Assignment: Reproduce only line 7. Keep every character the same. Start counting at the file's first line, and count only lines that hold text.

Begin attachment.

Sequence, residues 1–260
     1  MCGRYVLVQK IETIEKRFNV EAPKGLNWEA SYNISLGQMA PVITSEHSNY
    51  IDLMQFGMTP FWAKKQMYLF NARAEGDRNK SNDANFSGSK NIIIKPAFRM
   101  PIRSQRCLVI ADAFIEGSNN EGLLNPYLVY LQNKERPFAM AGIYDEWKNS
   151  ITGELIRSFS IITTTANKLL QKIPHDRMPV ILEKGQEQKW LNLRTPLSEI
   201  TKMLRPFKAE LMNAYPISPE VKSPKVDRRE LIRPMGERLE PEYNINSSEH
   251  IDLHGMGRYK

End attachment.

   251  IDLHGMGRYK